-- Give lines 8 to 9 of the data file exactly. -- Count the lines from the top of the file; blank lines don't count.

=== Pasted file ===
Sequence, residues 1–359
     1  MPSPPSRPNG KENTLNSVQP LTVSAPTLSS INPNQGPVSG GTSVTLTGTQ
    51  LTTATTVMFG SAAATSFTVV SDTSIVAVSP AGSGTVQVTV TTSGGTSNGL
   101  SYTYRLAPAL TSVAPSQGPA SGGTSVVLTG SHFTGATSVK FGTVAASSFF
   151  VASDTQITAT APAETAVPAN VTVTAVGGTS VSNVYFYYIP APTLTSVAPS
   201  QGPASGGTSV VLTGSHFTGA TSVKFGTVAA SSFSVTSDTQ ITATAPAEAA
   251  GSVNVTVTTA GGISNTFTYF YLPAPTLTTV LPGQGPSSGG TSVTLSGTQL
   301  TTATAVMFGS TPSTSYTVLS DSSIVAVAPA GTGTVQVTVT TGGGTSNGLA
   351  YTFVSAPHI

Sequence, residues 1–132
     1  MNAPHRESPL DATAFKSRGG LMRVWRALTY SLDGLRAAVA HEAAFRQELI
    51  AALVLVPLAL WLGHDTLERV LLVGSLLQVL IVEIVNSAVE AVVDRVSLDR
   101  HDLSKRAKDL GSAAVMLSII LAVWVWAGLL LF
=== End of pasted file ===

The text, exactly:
   301  TTATAVMFGS TPSTSYTVLS DSSIVAVAPA GTGTVQVTVT TGGGTSNGLA
   351  YTFVSAPHI